• Water on the moon was discovered by India. In September 2009, India’s ISRO Chandrayaan- 1 using its Moon Mineralogy Mapper detected water on the moon for the first time.
  • Bargain. We can bargain, bargain and bargain some more. The fight between the vendor and the buyer can become really intense. It’s just a matter of wits. I don’t possess this talent and I regret it. Sigh.
  • We have the largest families in the world and courtesy to this Indian weddings are nothing like any other wedding in the world.
  • Two wheelers in India only imply two wheels, not necessarily two riders. Zebra crossings are used by vehicles to stand as ahead as possible, waiting for the signal to turn green. 


  • Who won the battle?


This is a popular folk dance form called Bhavai in the state of Rajasthan in western India. Women dance with a number of earthen pots on their heads, balancing them on their heads while performing so elegantly and beautifully. My head starts to hurt after watching them, I don’t know how they manage to do it. It’s a mystery worth unraveling.

  • We have the largest number of vegetarians in the world. And yes, cows are sacred to Hindus and we don’t eat beef. You are free to eat it but please don’t tell me the benefits of eating beef and why I should eat it and what not if you don’t want your face to get dirty with my puke.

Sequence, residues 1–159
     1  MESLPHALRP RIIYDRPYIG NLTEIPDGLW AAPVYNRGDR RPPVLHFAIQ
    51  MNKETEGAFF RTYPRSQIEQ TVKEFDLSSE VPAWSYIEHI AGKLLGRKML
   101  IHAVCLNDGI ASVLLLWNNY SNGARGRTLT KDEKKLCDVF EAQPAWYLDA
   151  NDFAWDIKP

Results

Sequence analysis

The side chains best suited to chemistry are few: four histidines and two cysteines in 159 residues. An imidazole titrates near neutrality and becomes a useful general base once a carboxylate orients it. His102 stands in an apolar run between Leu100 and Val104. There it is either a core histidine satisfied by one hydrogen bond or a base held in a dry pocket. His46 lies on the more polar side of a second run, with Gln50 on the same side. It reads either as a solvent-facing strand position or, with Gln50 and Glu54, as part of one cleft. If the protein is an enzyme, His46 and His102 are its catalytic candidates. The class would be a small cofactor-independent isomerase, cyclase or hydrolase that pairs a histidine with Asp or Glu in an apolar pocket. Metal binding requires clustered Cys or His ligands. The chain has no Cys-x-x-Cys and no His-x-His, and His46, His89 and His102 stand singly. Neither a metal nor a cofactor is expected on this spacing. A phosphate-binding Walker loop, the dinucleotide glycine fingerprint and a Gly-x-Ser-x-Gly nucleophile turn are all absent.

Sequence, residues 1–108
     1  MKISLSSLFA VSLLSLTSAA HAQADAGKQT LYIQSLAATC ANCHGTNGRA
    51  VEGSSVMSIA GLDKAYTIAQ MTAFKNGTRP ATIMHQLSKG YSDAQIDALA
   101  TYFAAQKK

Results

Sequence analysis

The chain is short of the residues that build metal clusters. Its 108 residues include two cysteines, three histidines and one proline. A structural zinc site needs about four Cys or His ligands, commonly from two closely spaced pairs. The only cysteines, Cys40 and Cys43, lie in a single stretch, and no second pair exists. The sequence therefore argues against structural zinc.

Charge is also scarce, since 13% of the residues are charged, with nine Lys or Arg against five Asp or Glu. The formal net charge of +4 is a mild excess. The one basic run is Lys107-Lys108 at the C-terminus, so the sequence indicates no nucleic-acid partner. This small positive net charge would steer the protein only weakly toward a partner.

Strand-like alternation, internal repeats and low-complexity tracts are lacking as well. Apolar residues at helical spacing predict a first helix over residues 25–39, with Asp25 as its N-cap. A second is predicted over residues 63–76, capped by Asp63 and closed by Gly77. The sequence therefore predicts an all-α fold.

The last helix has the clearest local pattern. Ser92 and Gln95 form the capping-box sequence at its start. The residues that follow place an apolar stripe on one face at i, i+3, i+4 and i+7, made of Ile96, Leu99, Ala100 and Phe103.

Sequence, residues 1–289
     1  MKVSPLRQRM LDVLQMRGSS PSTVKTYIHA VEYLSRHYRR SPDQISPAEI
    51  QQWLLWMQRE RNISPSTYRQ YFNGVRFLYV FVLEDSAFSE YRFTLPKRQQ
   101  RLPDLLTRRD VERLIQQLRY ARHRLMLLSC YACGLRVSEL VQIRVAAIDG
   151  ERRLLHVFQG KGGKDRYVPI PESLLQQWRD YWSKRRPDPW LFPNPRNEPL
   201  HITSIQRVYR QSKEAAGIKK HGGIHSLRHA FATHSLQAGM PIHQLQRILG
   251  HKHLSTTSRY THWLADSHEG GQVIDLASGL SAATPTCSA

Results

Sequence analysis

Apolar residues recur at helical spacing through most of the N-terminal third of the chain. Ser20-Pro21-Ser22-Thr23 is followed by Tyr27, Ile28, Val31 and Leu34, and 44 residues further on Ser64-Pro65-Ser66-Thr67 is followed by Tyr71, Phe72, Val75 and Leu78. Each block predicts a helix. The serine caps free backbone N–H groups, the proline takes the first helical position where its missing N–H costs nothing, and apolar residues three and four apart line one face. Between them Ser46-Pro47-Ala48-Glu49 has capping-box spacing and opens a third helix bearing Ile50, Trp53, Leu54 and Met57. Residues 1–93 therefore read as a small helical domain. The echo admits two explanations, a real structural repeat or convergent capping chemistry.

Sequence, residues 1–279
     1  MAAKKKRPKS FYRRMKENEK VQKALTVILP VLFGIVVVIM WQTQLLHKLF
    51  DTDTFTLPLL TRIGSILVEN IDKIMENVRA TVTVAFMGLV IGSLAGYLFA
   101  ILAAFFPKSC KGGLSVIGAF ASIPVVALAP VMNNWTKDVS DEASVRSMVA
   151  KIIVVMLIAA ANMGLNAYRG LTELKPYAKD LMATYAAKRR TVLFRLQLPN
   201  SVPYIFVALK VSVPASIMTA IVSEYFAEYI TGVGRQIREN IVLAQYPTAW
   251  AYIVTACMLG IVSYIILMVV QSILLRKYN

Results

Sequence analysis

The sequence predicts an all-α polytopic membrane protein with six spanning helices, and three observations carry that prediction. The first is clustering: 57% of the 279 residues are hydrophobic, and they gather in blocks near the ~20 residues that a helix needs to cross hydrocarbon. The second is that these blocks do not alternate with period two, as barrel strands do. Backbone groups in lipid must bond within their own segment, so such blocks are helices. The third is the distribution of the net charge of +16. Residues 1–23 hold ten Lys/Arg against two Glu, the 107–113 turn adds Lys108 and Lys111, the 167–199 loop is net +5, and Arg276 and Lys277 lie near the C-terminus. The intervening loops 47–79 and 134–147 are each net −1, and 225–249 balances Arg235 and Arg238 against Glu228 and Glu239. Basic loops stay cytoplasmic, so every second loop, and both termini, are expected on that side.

• India is the first country to make and consume sugar. We discovered how to crystallize sugar during the Gupta dynasty around 350 AD.
  • We respect our elders and don’t call them by their names. We consider it disrespectful unless the person themselves want to be called by their name. Don’t be surprised if people use aunty or uncle to call out to you. 
  • Most of the people are our brothers be it a shopkeeper, auto-rickshaw driver, a guard on duty or a conductor in a bus. We refer to all of them as “bhaiya” which simply means brother.